Earlier this year artist Jessica Omitola, debuted her “Pride of Africa’ collection at The Brick Lane Gallery in London. In a recent email interview, we spoke to the British artist to learn about her influence for the collection and about her creative platform Ilatoda. View the interview below:
What inspired the collection?
The collection is based on the viewpoint of a young African girl and how she sees the women in her life. From her perception she has a queen for a mother, a queen for sisters and queens for aunties too. She is not ignorant of their toil or struggles but she is fascinated by their strength and grit and beauty despite everything. I feel I am that little girl and I know many African queens.
Does being based in London play any influence on the style of work that you do?
London is the hub of creativity for me and I enjoyed living 30 minutes outside it when I was working on this collection. The “keep moving” mentality that seeps through every aspect of London life had a great influence on my creativity during that period. People don’t stop for anything. Their focus is clear, their goal is understood, get from A to B, a bit like New York I suppose. This somehow kept me going when I was working 8 hour days in a Post room job then coming home to paint till 2am in the morning. I had no choice but to “keep moving” like everybody else.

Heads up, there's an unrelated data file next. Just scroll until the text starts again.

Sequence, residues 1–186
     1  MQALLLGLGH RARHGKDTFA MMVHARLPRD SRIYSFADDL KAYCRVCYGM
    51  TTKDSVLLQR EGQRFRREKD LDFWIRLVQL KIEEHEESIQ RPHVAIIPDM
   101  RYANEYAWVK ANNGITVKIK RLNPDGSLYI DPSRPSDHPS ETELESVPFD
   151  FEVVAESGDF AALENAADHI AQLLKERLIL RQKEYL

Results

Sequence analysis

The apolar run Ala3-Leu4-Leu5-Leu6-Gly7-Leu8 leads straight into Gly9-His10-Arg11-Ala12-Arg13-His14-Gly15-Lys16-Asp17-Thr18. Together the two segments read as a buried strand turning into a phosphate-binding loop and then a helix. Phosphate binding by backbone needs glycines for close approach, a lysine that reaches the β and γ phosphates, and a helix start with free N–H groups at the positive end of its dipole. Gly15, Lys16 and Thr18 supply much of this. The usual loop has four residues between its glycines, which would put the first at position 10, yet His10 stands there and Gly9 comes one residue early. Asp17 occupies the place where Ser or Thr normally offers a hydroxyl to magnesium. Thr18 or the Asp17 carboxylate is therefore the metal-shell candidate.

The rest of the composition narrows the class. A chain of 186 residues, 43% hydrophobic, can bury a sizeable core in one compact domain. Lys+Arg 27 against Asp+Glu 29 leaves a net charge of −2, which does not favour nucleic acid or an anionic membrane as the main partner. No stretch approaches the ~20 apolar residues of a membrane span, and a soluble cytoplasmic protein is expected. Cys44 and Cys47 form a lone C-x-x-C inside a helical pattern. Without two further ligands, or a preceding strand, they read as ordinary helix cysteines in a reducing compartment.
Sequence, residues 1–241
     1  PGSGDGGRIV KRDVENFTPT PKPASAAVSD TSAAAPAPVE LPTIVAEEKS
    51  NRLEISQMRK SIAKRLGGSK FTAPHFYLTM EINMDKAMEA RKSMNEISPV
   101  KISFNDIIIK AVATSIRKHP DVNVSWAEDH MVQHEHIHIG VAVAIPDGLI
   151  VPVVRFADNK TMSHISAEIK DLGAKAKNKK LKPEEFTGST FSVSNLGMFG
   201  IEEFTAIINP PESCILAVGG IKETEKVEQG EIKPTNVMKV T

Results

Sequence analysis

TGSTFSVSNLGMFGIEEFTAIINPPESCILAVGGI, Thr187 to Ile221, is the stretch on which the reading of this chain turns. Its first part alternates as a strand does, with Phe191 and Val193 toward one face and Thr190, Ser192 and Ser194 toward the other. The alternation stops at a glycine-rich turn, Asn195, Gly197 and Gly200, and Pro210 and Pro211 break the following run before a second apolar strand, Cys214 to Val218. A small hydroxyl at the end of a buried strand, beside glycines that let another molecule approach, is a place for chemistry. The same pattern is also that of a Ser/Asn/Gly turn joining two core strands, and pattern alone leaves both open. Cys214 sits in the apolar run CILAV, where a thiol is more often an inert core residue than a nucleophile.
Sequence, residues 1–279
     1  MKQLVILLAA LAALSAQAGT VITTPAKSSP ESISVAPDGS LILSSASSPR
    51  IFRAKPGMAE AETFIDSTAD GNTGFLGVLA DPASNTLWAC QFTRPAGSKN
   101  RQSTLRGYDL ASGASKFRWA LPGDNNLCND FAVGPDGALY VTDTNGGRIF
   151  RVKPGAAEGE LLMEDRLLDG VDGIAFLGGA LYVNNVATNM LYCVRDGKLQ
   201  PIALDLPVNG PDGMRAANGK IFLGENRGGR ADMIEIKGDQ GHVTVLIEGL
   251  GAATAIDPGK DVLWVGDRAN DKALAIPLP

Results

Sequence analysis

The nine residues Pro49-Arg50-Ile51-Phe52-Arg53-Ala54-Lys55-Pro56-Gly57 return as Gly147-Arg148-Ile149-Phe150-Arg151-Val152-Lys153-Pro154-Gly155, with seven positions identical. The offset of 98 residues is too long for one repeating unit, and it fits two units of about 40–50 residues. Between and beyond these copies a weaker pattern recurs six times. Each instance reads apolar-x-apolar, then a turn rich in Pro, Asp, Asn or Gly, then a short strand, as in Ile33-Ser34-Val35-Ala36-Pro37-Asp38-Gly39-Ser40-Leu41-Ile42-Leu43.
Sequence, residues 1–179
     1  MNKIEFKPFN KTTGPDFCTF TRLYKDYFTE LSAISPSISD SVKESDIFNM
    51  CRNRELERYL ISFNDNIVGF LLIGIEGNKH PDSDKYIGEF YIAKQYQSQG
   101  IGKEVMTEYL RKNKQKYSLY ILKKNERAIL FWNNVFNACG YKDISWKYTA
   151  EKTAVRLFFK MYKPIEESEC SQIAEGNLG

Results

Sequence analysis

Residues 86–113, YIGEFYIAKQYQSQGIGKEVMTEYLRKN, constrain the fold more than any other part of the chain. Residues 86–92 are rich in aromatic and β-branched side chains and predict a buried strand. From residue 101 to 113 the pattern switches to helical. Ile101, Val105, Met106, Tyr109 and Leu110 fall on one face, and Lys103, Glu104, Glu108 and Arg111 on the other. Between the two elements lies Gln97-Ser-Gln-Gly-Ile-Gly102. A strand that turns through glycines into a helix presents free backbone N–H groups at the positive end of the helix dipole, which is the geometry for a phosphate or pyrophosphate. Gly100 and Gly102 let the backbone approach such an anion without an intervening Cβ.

Which artists inspire you?
Frida Kahlo, Margaret Keane and Nelson Makamo
Have you faced any challenges with being a contemporary artist?
One of the biggest challenges I had was finding my own style. I am self taught and have never had any professional classes in fine arts so naturally I began with realism portraits. I got very good at it but as a born perfectionist it became very frustrating when I couldn’t get the nose or the eyes exactly right and this stole the fun from creating. I knew what I was lacking is my own inspiration and style. I remember the first time I drew one of my long-necked ladies; I was so unsure of what I was doing, I had no reference picture, I was simply digging deep and I was loving it.
What advice would you give to others looking to pursue art as a career?
I would say be prepared to create your own opportunities. Don’t expect them to simply fall into your lap, you are going to have to do a lot of knocking on doors but it will be worth it in the end.
Can you tell us about your platform ilatoda?
‘Ilatoda’ is derived from yoruba language and it means beautiful lines. It is my online and social media outlet where I share my work. We have a website that sells prints and pop art tees. We are also on instagram, facebook and twitter under the same name where we keep followers updated on latest projects and creative adventures.